Instagram is the home of pretty pictures, so why are people flocking to it for news?

  • Instagram offers up the world as stable, structured and highly stylised because of its interface, and therefore simplifies and streamlines the chaos of the world. 
  • Instagram provides a space filled with aesthetically pleasing images for young people seeking solace from the hostility and pressure of news events. 
  • Interestingly, however, based on a survey in 12 countries, the Reuters report found Instagram reaches 11 percent of people of all ages for news.

But recent research shows increasing numbers of people are also going to Instagram for their news. A report by the Reuters Institute found the use of Instagram for news has doubled across all age groups since 2018.

It is now set to overtake Twitter as a news source in the coming year, with younger people in particular embracing Instagram for their news.

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What is ‘Insta’?

Instagram is a social media platform where users post photos with captions, with an estimated one billion active users around the world.

The Reuters report found Instagram reaches 11 percent of people of all ages for news, based on survey results for 12 countries.

But the embrace of the platform for news is particularly pronounced for young people. For example, in April, 24 percent of 18-24 year olds in the United Kingdom used Instagram to find out about Covid-19. This compares with 26 percent in the United States.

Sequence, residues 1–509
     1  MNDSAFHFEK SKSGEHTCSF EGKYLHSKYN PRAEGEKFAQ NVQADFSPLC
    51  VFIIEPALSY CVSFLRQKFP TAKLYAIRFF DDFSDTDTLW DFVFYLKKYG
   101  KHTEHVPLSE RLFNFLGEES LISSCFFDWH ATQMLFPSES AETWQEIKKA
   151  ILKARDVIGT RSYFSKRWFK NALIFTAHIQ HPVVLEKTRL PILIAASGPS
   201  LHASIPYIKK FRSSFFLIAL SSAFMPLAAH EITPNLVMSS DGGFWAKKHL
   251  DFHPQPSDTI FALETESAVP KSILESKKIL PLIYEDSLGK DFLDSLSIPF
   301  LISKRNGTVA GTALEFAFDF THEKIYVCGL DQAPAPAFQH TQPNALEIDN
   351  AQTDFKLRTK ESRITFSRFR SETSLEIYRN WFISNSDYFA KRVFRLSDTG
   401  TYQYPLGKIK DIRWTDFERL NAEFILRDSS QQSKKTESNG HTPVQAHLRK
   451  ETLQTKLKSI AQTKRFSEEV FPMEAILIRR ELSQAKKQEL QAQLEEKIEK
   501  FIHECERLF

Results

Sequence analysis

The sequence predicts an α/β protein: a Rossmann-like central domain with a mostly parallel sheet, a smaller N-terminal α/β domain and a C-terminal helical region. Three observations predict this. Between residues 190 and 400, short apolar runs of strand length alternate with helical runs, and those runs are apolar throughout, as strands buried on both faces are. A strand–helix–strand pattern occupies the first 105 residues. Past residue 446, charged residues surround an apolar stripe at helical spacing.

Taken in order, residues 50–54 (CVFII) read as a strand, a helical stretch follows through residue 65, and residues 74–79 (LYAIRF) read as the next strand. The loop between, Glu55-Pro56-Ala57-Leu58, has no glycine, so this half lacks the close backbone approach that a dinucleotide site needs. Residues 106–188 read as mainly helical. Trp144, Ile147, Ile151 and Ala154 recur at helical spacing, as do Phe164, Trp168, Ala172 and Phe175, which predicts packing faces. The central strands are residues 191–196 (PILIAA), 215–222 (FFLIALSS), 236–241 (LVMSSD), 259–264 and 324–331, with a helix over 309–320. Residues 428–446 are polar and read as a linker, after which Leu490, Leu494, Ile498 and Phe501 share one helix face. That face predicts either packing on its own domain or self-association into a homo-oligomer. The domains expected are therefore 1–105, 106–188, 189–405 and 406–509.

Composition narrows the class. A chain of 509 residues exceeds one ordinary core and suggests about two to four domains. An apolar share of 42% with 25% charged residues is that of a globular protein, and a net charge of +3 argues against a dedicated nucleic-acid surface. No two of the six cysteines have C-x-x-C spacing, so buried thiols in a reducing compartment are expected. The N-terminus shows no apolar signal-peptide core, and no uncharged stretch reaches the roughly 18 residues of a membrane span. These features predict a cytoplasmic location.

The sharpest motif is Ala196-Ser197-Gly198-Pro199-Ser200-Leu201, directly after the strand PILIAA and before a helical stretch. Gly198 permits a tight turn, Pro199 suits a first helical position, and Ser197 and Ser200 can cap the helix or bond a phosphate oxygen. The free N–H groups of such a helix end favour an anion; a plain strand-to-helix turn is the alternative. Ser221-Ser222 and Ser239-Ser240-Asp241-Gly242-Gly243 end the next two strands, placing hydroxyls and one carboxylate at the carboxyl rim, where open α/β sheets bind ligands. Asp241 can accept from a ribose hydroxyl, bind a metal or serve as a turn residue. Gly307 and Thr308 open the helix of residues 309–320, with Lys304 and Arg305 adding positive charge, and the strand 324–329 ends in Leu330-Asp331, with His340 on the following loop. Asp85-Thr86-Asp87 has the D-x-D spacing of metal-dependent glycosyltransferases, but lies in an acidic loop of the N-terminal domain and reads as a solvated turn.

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Australians were not polled for this particular question, but a 2020 Australian study of school students found 49 percent of teenagers surveyed got their news from Instagram.

Instagram is certainly viewed as a younger person’s platform, as opposed to Facebook, which is seen to be for older people. Those between 18 and 34 make up about 63 percent of Instagram users worldwide.

Instagram users can receive news stories and updates by following another user and then seeing what they post by scrolling through their feed. Alternatively, users can search via a hashtag.

Why are young people choosing Instagram for news?

Those under about 35 have grown up with mobile and social media as the norm. So it follows they interact with news and current events in a radically different way from previous generations, or even news consumers a decade ago.

Recent research suggests young people think that rather than going to dedicated sources for their news - like a newspaper or TV bulletin - the news will come to them. So, important information “finds them” anyway, through their general media use, peers and social connections.

Another key difference with older news consumers is that younger people are “prosumers”. Not only do they read the news, they can actually produce it and join in what’s trending. Sometimes, this may be by simply sharing a post with extra commentary and opinion. At other times, users might take an image or video and edit it in order to make and share a meme that relates to the content.

Order in a chaotic world

Amid global chaos and uncertainty, Instagram offers up the world as a stable, structured and highly stylised.